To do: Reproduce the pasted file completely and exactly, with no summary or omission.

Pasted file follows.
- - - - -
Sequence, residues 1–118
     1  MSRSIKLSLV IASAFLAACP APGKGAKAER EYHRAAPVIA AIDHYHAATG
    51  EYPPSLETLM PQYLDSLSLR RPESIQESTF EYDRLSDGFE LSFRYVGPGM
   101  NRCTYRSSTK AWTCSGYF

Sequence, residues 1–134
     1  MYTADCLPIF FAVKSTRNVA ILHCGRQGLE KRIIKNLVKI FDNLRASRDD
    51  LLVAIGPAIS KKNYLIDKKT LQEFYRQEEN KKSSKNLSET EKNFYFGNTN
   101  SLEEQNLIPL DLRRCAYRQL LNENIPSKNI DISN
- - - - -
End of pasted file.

Sequence, residues 1–118
     1  MSRSIKLSLV IASAFLAACP APGKGAKAER EYHRAAPVIA AIDHYHAATG
    51  EYPPSLETLM PQYLDSLSLR RPESIQESTF EYDRLSDGFE LSFRYVGPGM
   101  NRCTYRSSTK AWTCSGYF

Sequence, residues 1–134
     1  MYTADCLPIF FAVKSTRNVA ILHCGRQGLE KRIIKNLVKI FDNLRASRDD
    51  LLVAIGPAIS KKNYLIDKKT LQEFYRQEEN KKSSKNLSET EKNFYFGNTN
   101  SLEEQNLIPL DLRRCAYRQL LNENIPSKNI DISN